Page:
I haven't lost my sense of taste and smell. I have been actually kind of curious, although I'm sure the novelty wears off after ten minutes. My brother-in-law just kept eating cheeseburgers and wings despite not tasting it, but couldn't really say why. (I'm reminded of the scene in A Wrinkle In Time when they're fed sand masquerading as meals, on planet Camazotz.)
Other than that I'm feeling better than yesterday. I like taking TheraFlu because I like the little ritual of drinking hot medicine. When I'm on Tylenol and whatever else, I feel pretty normal.
CharleyCarp writes: Would anyone like to discuss our continuing obligations to the people of Afghanistan? This is worth reading. I'll admit that I'm a little torn here. It's one thing to help rebuild a defeated enemy, but helping a victorious enemy is surely asking us to be better than we are. Particularly an enemy with as few redeeming attributes as the Taliban. Obviously, though, the scale of the impending disaster is huge, and the people who are going to die as a result of our actions/inactions are not the ones we want to punish.
Heebie's take: Here's the opening sentence:
So this is how we "end" Forever Wars: through inflicting by inflicting catastrophic economic damage as an American policy choice. Call it population-centric vengeance.
Afghanistan is due charity and aid for all the reasons Ackerman describes, in order to forestall massive starvation this winter. And also, the track record for US instincts in how to help Afghanistan is so very, very bad. (Another simplistic take on complicated topics from yours truly.)
CThis is intended to be our system for checking in on imaginary friends, so that we know whether or not to be concerned if you go offline for a while. There is no way it could function as that sentence implies, but it's still nice to have a thread.
Episode Kobe twelve.
It's a variation on one of these CRT bans, but with a new spin:
A bill pushed by Republican Florida Gov. Ron DeSantis that would prohibit public schools and private businesses from making white people feel "discomfort" when they teach students or train employees about discrimination in the nation's past received its first approval Tuesday.
Honestly, I'm kind of surprised that they admitted it's about white discomfort, and not pretending that it's about factual inaccuracies. In a weird way, it's like we're actually living in the same reality. I also think white people may feel discomfort when they take an eensy peak at the racist underpinnings of everything and possibly consider how they benefit.
This is kind of round-a-bout, but I found it interesting. I read this clickbait-y thing from Pocket: The One Unexpected Sign You May Be Gaslighting the People Around You.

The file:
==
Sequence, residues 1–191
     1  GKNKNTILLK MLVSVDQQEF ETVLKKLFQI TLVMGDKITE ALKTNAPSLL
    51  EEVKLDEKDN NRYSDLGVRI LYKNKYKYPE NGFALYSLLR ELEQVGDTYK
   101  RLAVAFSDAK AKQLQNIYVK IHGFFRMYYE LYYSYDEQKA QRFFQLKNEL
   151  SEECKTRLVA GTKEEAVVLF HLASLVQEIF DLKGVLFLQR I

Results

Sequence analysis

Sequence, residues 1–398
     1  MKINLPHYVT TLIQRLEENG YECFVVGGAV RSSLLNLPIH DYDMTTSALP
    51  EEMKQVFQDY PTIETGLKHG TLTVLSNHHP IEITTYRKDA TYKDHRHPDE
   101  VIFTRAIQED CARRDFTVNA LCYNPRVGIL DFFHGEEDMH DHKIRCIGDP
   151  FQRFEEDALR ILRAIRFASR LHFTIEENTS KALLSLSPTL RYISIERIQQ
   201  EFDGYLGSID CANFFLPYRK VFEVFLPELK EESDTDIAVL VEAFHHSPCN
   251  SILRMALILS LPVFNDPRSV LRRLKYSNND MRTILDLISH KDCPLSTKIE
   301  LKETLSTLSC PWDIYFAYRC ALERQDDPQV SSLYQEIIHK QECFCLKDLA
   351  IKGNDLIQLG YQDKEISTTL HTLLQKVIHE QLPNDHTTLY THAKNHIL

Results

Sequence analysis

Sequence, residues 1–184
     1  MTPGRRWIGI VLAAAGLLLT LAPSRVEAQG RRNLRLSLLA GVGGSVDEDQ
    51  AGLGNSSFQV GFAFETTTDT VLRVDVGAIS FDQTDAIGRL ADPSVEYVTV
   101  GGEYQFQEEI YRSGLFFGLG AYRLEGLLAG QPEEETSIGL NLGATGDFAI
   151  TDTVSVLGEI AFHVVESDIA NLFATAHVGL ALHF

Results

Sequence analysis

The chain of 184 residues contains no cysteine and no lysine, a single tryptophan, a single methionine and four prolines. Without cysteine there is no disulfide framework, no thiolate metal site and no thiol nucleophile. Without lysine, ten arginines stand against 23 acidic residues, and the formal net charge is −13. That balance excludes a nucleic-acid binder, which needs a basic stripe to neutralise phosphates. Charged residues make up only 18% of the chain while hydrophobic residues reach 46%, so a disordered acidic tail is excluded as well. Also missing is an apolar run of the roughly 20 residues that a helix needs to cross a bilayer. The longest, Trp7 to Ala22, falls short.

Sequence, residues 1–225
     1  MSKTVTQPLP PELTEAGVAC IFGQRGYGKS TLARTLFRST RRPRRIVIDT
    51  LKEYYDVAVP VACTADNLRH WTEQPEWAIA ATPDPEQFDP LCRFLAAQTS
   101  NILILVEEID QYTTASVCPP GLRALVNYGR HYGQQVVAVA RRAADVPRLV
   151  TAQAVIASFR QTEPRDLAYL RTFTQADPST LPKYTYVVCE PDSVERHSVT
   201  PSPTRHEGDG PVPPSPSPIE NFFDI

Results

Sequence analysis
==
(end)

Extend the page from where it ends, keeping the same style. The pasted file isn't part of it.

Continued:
First off, the word "gaslighting" has run its course, and then jumped on a shark and ran that course, and then finally jumped off that, too. It is especially meaningless in this article. I'll get back to that word, though, when I get to my point. It turns out the one weird trick is this:
"If your partner, friend, or colleague expresses a desire to talk about what happened, do you brush them off or redefine the fight as 'a little tiff,' refusing to acknowledge that, to the other person at least, it was a significant event which needs to be dealt with?" she says.
"Disregarding someone else's emotional and processing needs in this way, over time, has the effect of silencing them. What point is there in discussing things with you if you deny the significance of what happened before?"
Such a reaction also validates any bad behaviour that may have occurred during the argument (shouting, name-calling etc.) and trivialises the hurt the other person feels as a result.
Here's my take: this article is written for emotionally avoidant people who have spent their life convinced that they can out-rational emotions, and have become insanely difficult people to be in a relationship with. They never, ever seek out articles that discuss emotions or connections or relationships. They think their partner is kind of hysterical and shrill and is constantly harping on them.
So in order to reach this audience, the author had to take this big winding clickbait entry point and almost sneak it onto the radar of the person who would not normally read this kind of thing. Then the author had to be extremely gentle and nonconfrontational and not do anything to make the extremely "rational" person become extremely defensive. The goal of the article is just to open the door the slightest crack, and let some light in on the possible notion that YTA.
I just think this is an unusual thing for an article to do! Usually relationshippy articles are written for people who enjoy that kind of thing, or get stuck ruminating or turning emotions over in their mind, intentionally. I appreciate that this article is trying to get avoidant people to do a wee bit of emotional labor. (If you actually click through and read it, please prepare to roll your eyes a lot at the use of "gaslighting".)
An infuriating thing about Covid minimizers is that eventually we'll all agree that the situation has finally reached some sort of nbd status, and they'll feel like they were right all along. In fact, the longer they've been irresponsibly minimizing the danger, the greater their smug early-adopter feeling will be.
Gradually, one-by-one, we'll all tick over into no-big-deal territory as we reach some sort of equilibrium with the availability of good treatment options and safety for all. And superficially, that will give the appearance that we're all crossing over from our side of the divide to theirs. And that is infuriating.